It’s now generally accepted that journalism is changing. Readers are no longer solely reliant on newspapers for news, Twitter has accelerated the news cycle to the point where news is broken just about every minute of the day, and youngsters are growing up in a world where they no longer choose a news provider, the news comes to them, wherever they are.
Obviously it’s a huge challenge being a publisher in this environment. But it’s also pretty tricky being a journalist.
The journalist’s role is changing rapidly and soon many of the traditional journalist skills will not only be irrelevant but many new roles will begin to emerge. It’s not a new trend. The history of media is a history of change. Countless jobs once deemed vital to producing a newspaper now no longer exist because technology has made them redundant. Think of the original hot metal typesetters, the plate makers, the dedicated page make-up artists before that became the role of sub-editors.
The truth is that over the coming years many journalists will take on many roles, some of which may not yet exist. Sustainable Journalism has published a thought-provoking list of 11 journalism jobs that could exist in the near future.
That list is very wide-ranging and covers a lot of ground. This is my simplified list of the top five roles I believe to be crucial to the future of newsrooms and which ought to be considered by all news organisations.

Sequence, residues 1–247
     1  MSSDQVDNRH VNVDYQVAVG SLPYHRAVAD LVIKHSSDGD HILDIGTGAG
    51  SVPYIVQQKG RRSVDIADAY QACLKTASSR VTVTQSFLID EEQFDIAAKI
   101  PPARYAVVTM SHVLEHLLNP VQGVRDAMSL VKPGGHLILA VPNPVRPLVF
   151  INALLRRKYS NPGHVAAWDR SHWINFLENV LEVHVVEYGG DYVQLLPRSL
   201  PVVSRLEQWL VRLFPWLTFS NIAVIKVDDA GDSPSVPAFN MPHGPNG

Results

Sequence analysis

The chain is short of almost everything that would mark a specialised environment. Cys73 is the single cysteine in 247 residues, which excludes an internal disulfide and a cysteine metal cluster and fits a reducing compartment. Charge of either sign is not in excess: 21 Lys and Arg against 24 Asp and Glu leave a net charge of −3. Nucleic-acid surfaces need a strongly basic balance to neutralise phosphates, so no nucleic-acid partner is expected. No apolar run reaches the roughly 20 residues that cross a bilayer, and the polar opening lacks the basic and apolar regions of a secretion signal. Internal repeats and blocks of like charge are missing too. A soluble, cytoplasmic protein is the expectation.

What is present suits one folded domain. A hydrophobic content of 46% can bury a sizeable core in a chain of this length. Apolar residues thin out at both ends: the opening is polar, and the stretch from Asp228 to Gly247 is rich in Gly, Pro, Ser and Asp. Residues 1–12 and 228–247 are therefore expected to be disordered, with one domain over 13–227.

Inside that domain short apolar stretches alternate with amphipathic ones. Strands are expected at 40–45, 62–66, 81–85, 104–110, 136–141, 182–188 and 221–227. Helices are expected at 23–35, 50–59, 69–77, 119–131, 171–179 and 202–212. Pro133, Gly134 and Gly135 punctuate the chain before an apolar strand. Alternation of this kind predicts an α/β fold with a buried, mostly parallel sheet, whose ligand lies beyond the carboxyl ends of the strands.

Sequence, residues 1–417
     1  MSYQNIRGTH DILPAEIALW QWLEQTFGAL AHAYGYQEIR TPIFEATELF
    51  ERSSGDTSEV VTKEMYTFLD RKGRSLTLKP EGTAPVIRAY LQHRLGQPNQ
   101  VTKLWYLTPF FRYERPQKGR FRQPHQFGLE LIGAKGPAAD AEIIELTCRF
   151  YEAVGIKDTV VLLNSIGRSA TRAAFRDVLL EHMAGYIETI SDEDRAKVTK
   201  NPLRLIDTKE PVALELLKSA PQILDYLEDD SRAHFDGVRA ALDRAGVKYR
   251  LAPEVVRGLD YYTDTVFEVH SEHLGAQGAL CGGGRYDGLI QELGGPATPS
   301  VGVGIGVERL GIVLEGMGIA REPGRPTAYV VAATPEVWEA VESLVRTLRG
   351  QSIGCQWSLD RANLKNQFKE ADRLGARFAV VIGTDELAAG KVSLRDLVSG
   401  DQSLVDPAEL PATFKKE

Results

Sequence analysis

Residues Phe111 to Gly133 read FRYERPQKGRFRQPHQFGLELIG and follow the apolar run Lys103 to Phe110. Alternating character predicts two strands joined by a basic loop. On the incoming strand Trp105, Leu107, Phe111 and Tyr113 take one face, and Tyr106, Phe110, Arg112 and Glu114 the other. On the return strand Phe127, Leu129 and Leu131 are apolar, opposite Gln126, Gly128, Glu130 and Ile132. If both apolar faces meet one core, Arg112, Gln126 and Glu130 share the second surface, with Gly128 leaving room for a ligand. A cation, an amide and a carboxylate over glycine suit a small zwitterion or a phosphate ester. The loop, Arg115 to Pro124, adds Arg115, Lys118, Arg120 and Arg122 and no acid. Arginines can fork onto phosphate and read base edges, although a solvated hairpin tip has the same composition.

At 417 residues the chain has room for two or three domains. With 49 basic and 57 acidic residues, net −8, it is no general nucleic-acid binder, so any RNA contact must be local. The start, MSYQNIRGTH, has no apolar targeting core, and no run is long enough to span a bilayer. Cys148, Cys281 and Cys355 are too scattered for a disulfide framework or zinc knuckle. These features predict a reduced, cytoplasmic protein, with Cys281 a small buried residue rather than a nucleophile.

An important job of writing catchy headlines that will attract clicks and readers. Traditionally news organisations had subs and editors that performed this role but they were gradually sidelined by the march of technology. Now the pressure of attracting readers online will hopefully create a new gap for this expertise. Even print-first operations ought to be targeting this area as they struggle to maintain sales. Of course this is a role that could be performed by the chief-sub but it seems clear that in many newsrooms that role is dying out and even subs are liable to be victims of change.
Social media editor
The social media editor will be tasked with making sense of the social media noise and searching for opportunities in that. The social media reporter will also be required to verify social media allegations as well as engage with readers to build relationships with the paper.
Data journalists will be employed to mine vast amounts of public data to illustrate and reinforce editorial as well as unearth new story ideas in the otherwise impenetrable mound. Data journalists may well also be used to mine newspaper archives for new opportunities.
A new role which will monitor all other media sources to create engaging summaries which can be used to enhance in-house reporting. Staff cuts mean that not every news story can be covered by a dedicated reporter and many events that are extensively covered by other media could just as well be covered in curated form on pages rather than by an in-house journalist.
The explainer journalist role will become an increasingly important role as news organisations strive to explain increasingly complex issues to readers. I’ve written about this before but in its simplest form the explainer journalist will compile background pieces, timelines and historical data to make sense of current issues for readers. Often major news events may only manifest now but their historical underpinnings are important to understanding, and by explaining the background to events news organisations are able to keep readers engaged. For more on this idea read this.